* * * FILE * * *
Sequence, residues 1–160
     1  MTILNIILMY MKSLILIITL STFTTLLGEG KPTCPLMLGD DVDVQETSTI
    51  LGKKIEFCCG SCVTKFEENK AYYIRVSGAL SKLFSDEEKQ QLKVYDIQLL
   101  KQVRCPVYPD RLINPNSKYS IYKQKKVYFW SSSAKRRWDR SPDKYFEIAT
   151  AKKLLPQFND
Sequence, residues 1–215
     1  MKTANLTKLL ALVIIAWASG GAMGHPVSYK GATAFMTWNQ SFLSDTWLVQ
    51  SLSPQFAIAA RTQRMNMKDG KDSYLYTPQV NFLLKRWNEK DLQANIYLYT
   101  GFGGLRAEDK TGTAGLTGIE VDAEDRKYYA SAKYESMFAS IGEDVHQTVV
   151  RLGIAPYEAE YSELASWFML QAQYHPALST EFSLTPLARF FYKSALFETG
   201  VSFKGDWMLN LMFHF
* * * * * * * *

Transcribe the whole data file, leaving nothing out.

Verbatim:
Sequence, residues 1–160
     1  MTILNIILMY MKSLILIITL STFTTLLGEG KPTCPLMLGD DVDVQETSTI
    51  LGKKIEFCCG SCVTKFEENK AYYIRVSGAL SKLFSDEEKQ QLKVYDIQLL
   101  KQVRCPVYPD RLINPNSKYS IYKQKKVYFW SSSAKRRWDR SPDKYFEIAT
   151  AKKLLPQFND
Sequence, residues 1–215
     1  MKTANLTKLL ALVIIAWASG GAMGHPVSYK GATAFMTWNQ SFLSDTWLVQ
    51  SLSPQFAIAA RTQRMNMKDG KDSYLYTPQV NFLLKRWNEK DLQANIYLYT
   101  GFGGLRAEDK TGTAGLTGIE VDAEDRKYYA SAKYESMFAS IGEDVHQTVV
   151  RLGIAPYEAE YSELASWFML QAQYHPALST EFSLTPLARF FYKSALFETG
   201  VSFKGDWMLN LMFHF